I used to be a magician.
An honest-to-God, I-do-this-for-a-living Magician. And a juggler too. And a comedian. But let’s talk about the magic part. I spent a lot of time by myself, learning how to hide coins and cards and make birds appear from nowhere. I had an illusion built that allowed me to cut myself in half on stage. At one point I opened my show by pulling a large, heavy, bowling ball from a thin briefcase. I could do some cool sh*t, man.
But it was all just an illusion. Well-practiced illusion that took a lot of time, effort, and sometimes money. And some people, usually the under-7 crowd, thought I was really cool. Because I could do cool stuff. Don’t even get me started on how I ended my show with a straitjacket escape or riding a six-foot unicycle while juggling flaming torches, or how I could steal a watch from someone’s wrist. Like I said: cool sh*t was done, and I was the doer.
I was not alone. Sometimes I went to magic shows and magic conventions where other doers of cool stuff gathered. Most of them did cooler stuff than I could dream of. Most of them knew it. They traded in secrets and had secret-sounding names like The Incredible Jimmy or the Mysterious Mike. Most of them knew more about the dark arts (the dork arts?) than they did about the deeper mysteries, like, you know, talking to girls. We traded not in wonder but in cheap parlour tricks. We got off on the very temporary, stunned, reactions of others. If you know me at all it shouldn’t surprise you to know I bored of this quickly and wondered if there wasn’t more to it.
And then one day I went to a Cirque du Soleil show and saw a guy fly. For real. And my heart leapt. There was no magic – I could see the thick wires above the stage, no effort made to conceal them. But there he was flying all the same. It was part of a story so compelling that the how was irrelevant. And there was no applause cue, no “look at what I can do.” Just wonder. It bypassed my head and went straight to my heart and I didn’t jump straight to “how did he do that” because how he did it wasn’t remotely relevant. The story mattered. The wonder mattered. It’s stayed with me – that feeling – longer than any magic trick I ever saw.
Photography, and probably almost any art, has its own cheap tricks. We rely on them when we miss the moment, the story isn’t compelling, the light’s not “popping”, or our composition doesn’t quite work. We polish our turds furiously in the hopes that they’ll look better with a little misdirection. And they do. But they get a “wow” and are immediately forgotten. We sharpen, we saturate, we HDR, we filter, we Photoshop Action the shit out of photographs that never had a chance because they never had a heart, a story, a vision. They are met with the kind of wonder reserved for those that don’t know it’s just an illusion, it’s brief, and it’s uninspired, and worse: it’s uninspiring.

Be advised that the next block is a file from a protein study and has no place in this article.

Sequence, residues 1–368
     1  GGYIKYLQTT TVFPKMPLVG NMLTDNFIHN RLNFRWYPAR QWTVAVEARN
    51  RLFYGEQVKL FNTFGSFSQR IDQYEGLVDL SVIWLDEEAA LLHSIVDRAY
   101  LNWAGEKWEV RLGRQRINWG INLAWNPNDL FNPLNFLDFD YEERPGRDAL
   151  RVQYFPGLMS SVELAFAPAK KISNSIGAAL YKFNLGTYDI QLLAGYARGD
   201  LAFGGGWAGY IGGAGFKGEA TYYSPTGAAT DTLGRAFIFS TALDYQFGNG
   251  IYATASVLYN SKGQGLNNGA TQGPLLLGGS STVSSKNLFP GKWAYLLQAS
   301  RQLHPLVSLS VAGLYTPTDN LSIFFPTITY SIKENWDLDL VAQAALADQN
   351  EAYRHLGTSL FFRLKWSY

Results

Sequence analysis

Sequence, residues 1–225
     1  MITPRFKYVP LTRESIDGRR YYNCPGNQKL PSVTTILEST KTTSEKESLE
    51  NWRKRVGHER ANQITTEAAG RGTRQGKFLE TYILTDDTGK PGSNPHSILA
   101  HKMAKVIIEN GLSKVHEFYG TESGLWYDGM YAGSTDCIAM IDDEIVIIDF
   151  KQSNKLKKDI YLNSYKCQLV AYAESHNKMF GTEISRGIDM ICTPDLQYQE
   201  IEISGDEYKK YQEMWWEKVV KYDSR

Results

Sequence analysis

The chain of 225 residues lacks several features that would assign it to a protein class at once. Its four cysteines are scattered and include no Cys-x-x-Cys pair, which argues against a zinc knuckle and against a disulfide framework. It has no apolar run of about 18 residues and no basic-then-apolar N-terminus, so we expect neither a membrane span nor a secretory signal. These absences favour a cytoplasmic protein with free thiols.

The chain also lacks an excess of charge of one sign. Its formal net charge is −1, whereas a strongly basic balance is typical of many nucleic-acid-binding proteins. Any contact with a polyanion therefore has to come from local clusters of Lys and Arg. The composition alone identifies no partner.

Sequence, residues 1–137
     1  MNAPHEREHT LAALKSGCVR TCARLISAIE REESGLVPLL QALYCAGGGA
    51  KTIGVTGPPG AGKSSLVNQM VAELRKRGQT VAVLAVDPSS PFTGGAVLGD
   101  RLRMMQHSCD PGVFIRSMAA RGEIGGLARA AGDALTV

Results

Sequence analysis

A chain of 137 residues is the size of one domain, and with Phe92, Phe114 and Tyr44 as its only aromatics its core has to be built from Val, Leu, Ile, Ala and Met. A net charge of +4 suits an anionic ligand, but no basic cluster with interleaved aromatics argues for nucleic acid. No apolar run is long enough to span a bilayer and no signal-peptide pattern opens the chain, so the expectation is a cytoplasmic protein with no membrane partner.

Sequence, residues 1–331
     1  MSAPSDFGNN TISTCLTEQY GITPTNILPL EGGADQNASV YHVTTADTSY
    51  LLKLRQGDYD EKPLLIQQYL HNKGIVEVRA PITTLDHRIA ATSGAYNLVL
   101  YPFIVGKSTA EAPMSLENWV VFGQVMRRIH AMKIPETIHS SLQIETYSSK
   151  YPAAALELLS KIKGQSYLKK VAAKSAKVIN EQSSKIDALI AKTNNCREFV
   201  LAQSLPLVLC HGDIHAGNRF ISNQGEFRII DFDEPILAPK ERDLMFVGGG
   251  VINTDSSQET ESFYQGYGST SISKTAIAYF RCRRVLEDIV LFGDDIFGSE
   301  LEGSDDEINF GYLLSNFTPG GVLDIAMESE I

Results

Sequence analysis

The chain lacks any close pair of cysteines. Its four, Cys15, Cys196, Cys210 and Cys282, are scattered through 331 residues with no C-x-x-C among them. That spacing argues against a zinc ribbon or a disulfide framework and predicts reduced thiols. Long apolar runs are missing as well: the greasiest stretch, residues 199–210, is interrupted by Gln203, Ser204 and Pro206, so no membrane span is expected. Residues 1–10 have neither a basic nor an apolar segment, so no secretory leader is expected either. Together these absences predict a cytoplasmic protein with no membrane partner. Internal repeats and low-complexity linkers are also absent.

We polish our turds furiously in the hopes that they’ll look better with a little misdirection. And they do. But they get a “wow” and are immediately forgotten.
I’m not writing this so much as criticism for others (though perhaps an observation) but as a reminder to myself to remain defiant about these cheap tricks (because I’ve had my share of them), to settle for nothing less than images that are honest and good because they connect in truly human ways, that tell stories and affect change, and embrace craft not gimmicks. This becomes more and more important because in the high-noise / low-signal times in which we create and share our photographs we will see a law of diminishing returns at work; it will take more and more saturation, more sharpness, more dynamic range and more flavour-of-the-day to get and keep the attention of others, until our senses are completely numb. I don’t believe these diminishing returns affect good storytelling, and honest humanity. We have hungered for them for centuries despite an endless supply.
It will take more and more saturation, more sharpness, more dynamic range and more flavour-of-the-day to get and keep the attention of others, until our senses are completely numb.
What it takes to get past this stage – and most of us go through it at least once if not cyclically – is a desire for more. For deeper images. And a willingness to see the flaws in our work, the laziness in our craft, and the compromise in our vision. This is not always where I am, but where I strive to be. This is the journey, not only of photographic vision but of craft and art, and the connections that those things make possible. And maybe not everyone wants that. Maybe not everyone is there yet – it’s taken me 30 years to get to this place. But there’s got to be something more than wow, more than “how’d he do it?”
*A note. This isn’t about HDR. Or saturation. Or Photoshop. It’s about the use of tools and gimmicks without a purpose, without a heart, and without the desire to give our art, and our audiences, a chance at something more. It’s about the desire to give them something more than the photographic equivalent of soda pop.
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